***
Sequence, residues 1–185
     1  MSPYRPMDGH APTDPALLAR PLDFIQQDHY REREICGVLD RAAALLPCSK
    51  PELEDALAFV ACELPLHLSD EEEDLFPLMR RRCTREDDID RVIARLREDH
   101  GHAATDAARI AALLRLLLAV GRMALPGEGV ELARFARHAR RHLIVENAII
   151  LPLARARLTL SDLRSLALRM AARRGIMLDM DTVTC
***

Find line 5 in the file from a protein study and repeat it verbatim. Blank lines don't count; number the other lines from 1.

   151  LPLARARLTL SDLRSLALRM AARRGIMLDM DTVTC